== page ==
MAY 5 UPDATE:
New York Times Corrects
After CAMERA informed journalists of the problems in Abdulrahim's story, the New York Times corrected its piece, adding information from the military noting that Zakarneh, who the paper had cast as innocent, was killed after shooting at Israeli troops from a motorcycle. Neither the correction nor the updated piece, though, informs readers that Islamic Jihad also admitted Zakarneh was killed while confronting soldiers.
A story in today’s New York Times paints a neat symmetry between Israelis and Palestinians killed in the conflict this spring.
In the piece, Jerusalem bureau chief Patrick Kingsley writes of
a sharp rise in violence across Israel and the occupied territories over the past month, beginning with the deadliest wave of Arab attacks within Israel in more than a half decade. The attacks killed 14 and prompted an Israeli crackdown in the occupied West Bank, which killed at least 15 Palestinians” (links in original).
Arab attacks killed 14. An Israeli crackdown killed 15. One is cast as a morbid reflection of the other. But such an equation is only possible only because Kingsley obscures from readers the glaring, fundamental distinctions.
Those killed in Israel — Jewish, Arab and Druze Israelis along with two Ukrainians — were victims of terror attacks. They were intentionally murdered while working, shopping, riding a bike, socializing at a bar, or taking their toddler for a walk, killed by attackers who mowed down their innocent targets with random violence. Several of the attackers were inspired by the Islamic State (ISIS) terror group.
By contrast, a large proportion the Palestinians killed in the West Bank died during clashes, when Israeli soldiers conducting anti-terror operations were attacked by armed Palestinians, including members of internationally designated terror organizations.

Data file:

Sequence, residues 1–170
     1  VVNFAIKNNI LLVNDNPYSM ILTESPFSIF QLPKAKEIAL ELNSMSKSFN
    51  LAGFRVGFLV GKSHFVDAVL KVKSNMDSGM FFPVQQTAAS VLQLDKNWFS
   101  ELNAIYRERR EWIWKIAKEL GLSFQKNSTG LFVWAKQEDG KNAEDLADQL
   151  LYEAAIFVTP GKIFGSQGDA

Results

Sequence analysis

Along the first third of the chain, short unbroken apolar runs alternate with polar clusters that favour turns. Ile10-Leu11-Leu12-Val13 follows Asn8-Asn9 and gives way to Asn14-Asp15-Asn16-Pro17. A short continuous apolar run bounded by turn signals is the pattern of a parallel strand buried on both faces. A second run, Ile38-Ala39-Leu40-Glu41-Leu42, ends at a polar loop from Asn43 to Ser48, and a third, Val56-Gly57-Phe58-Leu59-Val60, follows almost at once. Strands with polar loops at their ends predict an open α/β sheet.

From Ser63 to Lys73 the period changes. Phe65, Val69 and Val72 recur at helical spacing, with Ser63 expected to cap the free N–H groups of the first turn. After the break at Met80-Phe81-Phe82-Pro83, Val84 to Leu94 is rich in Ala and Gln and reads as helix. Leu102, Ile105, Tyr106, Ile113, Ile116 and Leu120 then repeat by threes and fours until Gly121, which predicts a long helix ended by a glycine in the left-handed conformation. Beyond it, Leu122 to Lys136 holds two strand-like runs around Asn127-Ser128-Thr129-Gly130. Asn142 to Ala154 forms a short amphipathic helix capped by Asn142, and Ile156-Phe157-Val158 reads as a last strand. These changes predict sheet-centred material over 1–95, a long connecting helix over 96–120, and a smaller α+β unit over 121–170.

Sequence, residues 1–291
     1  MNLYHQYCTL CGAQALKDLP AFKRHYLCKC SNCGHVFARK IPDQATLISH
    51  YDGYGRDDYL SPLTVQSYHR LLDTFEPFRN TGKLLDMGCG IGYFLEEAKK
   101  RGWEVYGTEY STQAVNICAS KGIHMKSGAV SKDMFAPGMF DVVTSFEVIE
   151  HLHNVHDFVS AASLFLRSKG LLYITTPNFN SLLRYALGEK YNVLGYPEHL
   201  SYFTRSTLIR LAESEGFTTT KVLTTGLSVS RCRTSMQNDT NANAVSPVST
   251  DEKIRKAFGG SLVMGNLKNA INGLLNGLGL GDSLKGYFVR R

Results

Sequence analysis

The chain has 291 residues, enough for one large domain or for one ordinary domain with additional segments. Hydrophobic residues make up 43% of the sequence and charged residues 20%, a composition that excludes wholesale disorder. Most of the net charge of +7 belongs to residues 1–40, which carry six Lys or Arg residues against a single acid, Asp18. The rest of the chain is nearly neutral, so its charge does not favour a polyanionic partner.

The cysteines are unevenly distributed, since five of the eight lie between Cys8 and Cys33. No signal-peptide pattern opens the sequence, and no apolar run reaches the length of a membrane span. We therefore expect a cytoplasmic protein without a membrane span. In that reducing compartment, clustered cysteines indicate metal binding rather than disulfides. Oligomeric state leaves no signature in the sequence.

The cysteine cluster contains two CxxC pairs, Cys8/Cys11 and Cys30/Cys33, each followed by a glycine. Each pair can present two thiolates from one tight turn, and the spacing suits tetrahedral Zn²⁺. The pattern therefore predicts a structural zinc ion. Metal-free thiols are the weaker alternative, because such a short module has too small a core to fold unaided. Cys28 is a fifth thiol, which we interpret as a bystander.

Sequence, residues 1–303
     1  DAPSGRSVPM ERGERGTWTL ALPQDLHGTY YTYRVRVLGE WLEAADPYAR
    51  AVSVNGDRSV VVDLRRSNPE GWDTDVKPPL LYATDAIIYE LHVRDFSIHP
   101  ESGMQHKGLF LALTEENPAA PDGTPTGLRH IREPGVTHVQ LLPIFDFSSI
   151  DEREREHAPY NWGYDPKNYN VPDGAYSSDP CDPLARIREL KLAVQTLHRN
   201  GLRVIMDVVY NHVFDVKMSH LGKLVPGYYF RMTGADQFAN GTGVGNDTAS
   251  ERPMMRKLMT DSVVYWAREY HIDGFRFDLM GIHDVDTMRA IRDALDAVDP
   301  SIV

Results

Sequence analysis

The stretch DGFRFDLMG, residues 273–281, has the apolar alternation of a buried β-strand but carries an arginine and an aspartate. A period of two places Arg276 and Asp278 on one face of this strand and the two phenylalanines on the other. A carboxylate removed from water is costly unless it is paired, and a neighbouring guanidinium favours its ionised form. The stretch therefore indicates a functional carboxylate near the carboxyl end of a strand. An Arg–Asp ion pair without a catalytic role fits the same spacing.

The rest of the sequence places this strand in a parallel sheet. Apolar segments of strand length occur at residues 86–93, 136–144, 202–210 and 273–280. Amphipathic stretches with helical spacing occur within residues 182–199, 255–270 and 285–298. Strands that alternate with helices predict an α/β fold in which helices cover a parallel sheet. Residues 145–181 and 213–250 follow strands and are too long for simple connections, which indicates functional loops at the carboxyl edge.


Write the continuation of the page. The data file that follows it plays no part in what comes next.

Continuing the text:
Kingsley’s language conceals this key context.
The passage does include a link from the phrase “Israeli crackdown.” Does that, at least, lead to some reasonable level of detail?
To the contrary, the story at the other end of the link only further obfuscates, going out of its way to convince trusting readers that all of the Palestinians were non-combatants. The stage there is set with a subheading that, as with Kingsley’s language, suggests an equivalence: “At least 14 Palestinians have been killed in a widespread Israeli military operation in the West Bank, launched in response to a string of attacks in Israel that killed 14 people.”
The rest of the April 16 article by Raja Abdulrahim, who as a college student had defended Hamas and Hezbollah, picks up from there, with opening paragraphs that prompt readers to imagine random violence by Israel:
… [Palestinian] residents are staying up late waiting for the next military raid in their city.
“We’re exhausted,” said Israa Awartani, 32, who works at a theater. “We start to think: ‘When will it be my turn? When will it be my son or another family member?”
It’s a theme repeated throughout Abdulrahim’s piece:
“I fear I could be going to work and suddenly come upon Israeli soldiers in the street and they could shoot me,” said the mother of three girls, twin 7-year-olds and a 3-year-old. “I could die, I could become paralyzed. Then who is going to take care of my daughters?”
Mustafa Sheta, the theater’s manager, said he feared taking his four kids to school each morning, worried Israeli snipers might still be positioned on rooftops.
Ms. Awartani said her sister-in-law refused to go to sleep before her two university-age sons did, fearful that they would leave the house at night and be shot dead during a raid.
“We’re all afraid of losing our children,” Ms. Awartani said.
“When you punish an entire population, then the entire population is going to erupt,” he said, speaking from behind a counter full of diamond rings. “Just as they want to be safe when they go to the market, we, too, want to be safe when we go to the market.”
A Selective and Distorted Account of Palestinian Casualties